Definition - "if you seek his monument, look around"
It took 35 years to complete London's magnificent St. Paul's Cathedral. When its architect, Sir Christopher Wren, died twelve years later in 1723, he was entombed inside, under a simple slab of black marble. Wren's son placed a dedication nearby, which contains the words "Lector, si monumentum requiris, circumspice" ("Reader, if you seek a monument, look around you"). The phrase is generally used to describe a person's legacy - and can be taken to mean that what we leave behind (including intangible things like relationships) best represents our life.
There are others who have not fared so well in terms of having their name placed in dictionaries in ways that relate to work on old English cathedrals. Sir Edmund Beckett, the first Baron Grimthorpe, is the source of the word grimthorpe ("to remodel an ancient building without proper knowledge or care to retain its original quality and character"), after his attempted restoration of St. Albans cathedral was viewed as subpar.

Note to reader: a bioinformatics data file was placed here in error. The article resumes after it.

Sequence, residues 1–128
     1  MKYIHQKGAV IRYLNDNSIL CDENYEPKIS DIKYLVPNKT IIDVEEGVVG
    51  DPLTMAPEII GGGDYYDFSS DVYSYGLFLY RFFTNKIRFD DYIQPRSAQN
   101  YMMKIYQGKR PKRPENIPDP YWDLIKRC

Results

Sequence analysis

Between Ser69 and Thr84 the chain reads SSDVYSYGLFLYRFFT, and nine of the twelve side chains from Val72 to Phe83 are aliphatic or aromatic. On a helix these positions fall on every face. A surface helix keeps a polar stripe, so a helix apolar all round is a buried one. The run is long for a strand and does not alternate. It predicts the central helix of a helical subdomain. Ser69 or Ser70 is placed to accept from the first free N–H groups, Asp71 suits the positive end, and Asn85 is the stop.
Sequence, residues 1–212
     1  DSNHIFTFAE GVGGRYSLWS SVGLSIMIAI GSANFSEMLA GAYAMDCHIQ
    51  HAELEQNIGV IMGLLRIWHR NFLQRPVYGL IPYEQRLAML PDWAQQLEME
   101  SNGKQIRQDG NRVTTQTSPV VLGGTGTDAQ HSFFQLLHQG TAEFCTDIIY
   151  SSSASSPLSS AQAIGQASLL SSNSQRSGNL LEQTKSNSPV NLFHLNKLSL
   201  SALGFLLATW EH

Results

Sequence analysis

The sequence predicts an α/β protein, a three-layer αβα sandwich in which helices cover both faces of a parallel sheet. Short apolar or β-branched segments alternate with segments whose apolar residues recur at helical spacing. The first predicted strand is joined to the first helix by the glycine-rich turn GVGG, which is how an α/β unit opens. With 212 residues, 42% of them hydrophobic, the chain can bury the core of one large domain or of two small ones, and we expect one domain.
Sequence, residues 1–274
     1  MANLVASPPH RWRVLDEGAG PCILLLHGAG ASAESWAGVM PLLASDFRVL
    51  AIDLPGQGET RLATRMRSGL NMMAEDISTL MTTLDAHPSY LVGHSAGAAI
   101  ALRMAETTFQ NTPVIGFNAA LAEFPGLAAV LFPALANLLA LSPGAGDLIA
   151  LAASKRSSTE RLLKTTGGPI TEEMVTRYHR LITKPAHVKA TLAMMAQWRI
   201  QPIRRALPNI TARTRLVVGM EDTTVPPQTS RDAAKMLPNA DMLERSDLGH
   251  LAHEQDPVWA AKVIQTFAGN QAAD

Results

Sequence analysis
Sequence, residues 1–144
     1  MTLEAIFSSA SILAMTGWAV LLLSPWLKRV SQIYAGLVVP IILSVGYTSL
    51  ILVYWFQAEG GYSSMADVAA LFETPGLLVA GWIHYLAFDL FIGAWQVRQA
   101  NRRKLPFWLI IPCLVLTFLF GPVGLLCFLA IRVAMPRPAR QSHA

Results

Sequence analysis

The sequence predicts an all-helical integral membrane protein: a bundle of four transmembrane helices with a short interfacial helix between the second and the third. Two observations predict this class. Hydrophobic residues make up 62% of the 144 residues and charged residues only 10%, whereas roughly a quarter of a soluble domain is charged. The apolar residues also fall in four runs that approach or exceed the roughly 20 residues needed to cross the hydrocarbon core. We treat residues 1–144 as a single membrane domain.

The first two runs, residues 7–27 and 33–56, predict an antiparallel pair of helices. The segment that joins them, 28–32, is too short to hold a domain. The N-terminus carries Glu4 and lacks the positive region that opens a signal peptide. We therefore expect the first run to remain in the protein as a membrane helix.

Among the authors and printers whose portraits decorated these walls, no portrait of Caxton would be observed, for the simple reason that no authentic portrait had been handed down to us; the well-known momumental inscription to be found elsewhere was, therefore, most appropriate in this place, "Si Monumentum Requiris, circumspice."
— The Huddersfield Chronicle and West Yorkshire Advertiser, 2 Jul. 1877